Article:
Thursday, May 17, 2007
The case against Charlie Sheen as an actor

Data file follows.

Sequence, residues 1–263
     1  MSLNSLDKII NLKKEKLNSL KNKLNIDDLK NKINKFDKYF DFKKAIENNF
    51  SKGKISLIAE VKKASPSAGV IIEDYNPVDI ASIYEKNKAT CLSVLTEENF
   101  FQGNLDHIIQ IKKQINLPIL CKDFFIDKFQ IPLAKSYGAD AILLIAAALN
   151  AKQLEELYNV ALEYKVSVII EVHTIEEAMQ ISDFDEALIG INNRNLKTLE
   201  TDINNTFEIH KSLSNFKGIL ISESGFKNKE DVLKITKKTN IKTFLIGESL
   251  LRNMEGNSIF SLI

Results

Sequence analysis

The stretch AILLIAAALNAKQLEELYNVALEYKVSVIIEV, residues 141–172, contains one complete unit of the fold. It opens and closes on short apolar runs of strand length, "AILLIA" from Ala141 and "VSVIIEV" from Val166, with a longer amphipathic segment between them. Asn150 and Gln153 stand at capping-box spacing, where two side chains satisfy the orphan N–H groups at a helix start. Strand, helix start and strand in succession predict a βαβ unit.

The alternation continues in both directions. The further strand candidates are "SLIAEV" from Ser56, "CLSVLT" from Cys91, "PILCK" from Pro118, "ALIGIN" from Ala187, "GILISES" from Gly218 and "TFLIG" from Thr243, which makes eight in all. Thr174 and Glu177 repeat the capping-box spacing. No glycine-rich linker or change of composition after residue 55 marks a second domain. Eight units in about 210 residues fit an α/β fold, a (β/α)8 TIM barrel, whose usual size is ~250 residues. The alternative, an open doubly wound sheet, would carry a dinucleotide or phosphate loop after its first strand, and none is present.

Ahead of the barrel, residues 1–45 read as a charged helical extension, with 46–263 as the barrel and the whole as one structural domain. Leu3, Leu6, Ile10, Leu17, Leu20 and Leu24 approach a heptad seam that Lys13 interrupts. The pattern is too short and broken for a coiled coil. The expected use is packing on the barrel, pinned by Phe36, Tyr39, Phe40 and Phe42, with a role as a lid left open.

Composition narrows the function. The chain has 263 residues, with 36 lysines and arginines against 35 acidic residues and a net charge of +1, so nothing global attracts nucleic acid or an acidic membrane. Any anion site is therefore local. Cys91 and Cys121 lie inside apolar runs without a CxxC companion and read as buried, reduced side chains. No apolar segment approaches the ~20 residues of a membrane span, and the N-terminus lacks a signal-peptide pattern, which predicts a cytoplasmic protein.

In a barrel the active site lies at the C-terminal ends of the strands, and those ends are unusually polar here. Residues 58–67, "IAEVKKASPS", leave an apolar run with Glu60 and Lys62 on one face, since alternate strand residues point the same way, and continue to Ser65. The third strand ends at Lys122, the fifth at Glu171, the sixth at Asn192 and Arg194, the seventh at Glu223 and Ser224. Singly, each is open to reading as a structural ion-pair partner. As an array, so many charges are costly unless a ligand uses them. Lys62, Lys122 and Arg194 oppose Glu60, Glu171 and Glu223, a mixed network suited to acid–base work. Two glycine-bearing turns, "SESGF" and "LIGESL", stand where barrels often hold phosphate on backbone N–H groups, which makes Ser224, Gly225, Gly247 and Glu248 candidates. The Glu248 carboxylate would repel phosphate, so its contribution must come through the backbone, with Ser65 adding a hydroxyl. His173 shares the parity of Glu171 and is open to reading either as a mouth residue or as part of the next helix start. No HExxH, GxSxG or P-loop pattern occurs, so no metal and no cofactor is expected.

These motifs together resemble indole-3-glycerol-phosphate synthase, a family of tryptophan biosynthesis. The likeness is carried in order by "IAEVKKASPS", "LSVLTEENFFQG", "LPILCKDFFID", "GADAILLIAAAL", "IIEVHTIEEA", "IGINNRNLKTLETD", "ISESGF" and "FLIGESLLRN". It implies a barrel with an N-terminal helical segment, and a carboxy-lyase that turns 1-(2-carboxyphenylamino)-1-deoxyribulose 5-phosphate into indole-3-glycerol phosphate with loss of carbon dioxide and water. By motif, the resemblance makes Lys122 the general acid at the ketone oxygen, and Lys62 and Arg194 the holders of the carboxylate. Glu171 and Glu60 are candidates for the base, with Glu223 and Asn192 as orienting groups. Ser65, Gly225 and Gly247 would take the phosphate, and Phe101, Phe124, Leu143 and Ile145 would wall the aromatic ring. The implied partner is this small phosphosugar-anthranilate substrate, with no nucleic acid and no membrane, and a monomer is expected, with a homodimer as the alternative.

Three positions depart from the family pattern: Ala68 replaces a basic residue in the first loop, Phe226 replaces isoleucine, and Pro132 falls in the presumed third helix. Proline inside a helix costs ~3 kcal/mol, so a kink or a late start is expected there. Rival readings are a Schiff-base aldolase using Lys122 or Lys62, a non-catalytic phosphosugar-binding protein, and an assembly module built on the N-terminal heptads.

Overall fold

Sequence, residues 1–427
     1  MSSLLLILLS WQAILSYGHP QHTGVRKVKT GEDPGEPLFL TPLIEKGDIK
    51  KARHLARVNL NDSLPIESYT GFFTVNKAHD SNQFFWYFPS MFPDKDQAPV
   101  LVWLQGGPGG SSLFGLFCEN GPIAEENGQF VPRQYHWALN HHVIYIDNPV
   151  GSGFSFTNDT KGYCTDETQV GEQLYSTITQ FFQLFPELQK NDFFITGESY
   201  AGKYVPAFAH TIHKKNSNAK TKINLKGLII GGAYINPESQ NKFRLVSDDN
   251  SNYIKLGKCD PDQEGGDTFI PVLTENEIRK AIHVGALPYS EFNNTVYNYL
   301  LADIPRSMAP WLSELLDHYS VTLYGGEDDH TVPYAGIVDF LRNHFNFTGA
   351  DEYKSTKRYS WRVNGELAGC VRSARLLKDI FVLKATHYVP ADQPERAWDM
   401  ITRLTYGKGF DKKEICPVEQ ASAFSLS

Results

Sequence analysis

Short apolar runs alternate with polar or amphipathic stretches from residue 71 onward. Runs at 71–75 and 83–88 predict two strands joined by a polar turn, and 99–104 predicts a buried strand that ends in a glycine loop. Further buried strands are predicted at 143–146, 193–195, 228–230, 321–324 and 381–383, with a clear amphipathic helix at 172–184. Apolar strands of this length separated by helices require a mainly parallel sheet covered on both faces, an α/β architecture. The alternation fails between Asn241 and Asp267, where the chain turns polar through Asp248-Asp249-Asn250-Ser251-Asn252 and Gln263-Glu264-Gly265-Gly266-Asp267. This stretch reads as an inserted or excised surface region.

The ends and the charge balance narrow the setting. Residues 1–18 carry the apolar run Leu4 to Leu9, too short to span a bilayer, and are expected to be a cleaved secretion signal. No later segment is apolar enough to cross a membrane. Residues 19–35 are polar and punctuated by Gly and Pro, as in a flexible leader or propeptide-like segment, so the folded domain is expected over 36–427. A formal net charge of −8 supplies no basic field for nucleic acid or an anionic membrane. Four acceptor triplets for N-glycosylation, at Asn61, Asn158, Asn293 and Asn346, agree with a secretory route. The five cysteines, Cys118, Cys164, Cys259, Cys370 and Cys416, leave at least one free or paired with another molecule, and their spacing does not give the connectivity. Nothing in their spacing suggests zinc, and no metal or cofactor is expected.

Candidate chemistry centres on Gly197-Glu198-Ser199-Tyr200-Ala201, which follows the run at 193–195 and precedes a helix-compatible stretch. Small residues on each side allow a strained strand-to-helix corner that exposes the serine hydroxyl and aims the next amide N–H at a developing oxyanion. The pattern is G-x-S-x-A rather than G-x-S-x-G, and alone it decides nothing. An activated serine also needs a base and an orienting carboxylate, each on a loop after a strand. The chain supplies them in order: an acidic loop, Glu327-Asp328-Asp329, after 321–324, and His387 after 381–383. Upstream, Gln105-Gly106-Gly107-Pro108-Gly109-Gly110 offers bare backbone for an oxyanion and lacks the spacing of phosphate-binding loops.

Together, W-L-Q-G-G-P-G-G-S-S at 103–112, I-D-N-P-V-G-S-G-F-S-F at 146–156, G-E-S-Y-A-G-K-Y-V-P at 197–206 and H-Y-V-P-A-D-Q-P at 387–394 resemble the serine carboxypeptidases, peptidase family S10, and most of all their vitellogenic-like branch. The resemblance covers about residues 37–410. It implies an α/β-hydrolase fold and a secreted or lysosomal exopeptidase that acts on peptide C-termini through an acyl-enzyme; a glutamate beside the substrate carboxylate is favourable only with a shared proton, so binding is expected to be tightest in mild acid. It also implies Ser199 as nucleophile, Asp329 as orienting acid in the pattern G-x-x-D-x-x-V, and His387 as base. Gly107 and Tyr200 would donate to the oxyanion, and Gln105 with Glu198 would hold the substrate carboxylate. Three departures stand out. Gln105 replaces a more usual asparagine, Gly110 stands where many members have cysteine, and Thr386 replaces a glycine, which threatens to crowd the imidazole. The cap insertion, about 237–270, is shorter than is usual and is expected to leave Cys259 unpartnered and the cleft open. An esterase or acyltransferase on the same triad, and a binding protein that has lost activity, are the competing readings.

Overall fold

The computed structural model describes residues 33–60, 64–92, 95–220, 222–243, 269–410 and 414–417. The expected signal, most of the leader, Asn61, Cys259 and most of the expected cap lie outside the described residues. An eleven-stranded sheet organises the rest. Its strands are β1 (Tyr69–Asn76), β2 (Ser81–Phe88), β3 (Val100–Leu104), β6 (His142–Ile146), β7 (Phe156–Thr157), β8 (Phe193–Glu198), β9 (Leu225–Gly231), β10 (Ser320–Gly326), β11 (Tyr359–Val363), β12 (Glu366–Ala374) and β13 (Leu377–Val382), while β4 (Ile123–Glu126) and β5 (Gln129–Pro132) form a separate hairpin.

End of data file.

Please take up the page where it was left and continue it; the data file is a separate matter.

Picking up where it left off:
I think it's odd how people are saying Charlie Sheen is having a great career in TV and is being nominated for emmys because he can't really act. On Spin City he just played exactly to type, so all he had to do was be himself. If there were any positive reviews of him on there, it was misdirected at the fact that the show was able to find at least another star to replace Michael J Fox. It was also that people weren't used to seeing him in a comic role and it was also the fact that he parodied his real life problems. But he talks the way he does in serious projects of his, it's just the people around him react differently and Spin City was so well-written that even when half of its original cast was gone and its stripped down to a cast of 6 that includes Heather Locklear (blah), it's still halfway watchable. Two and a Half Men is nothing more than an average sitcom that would have had the potential to transcend something like Yes, Dear or Still Standing, if there was better chemistry between the leads. Its emmy nods in the category are simply a desperate effort by the TV industry and emmys to remind its audiences that comedy's not completely dead, we have shows with laugh tracks too that are making the cut. Also, I can't name the number of shows alone that have used that plot of two brothers or two sisters being forced to live together after one encounters some marital troubles and moves in with a kid. A short-lived TV show from around 1998 called Brother's Keeper was the exact same plot (which I think was done better, anyway). There's also Three Sisters and Hope and Faith off the top of my head. It's saving grace is its ratings but make no mistake, there is nothing deserving about its acting or its writing.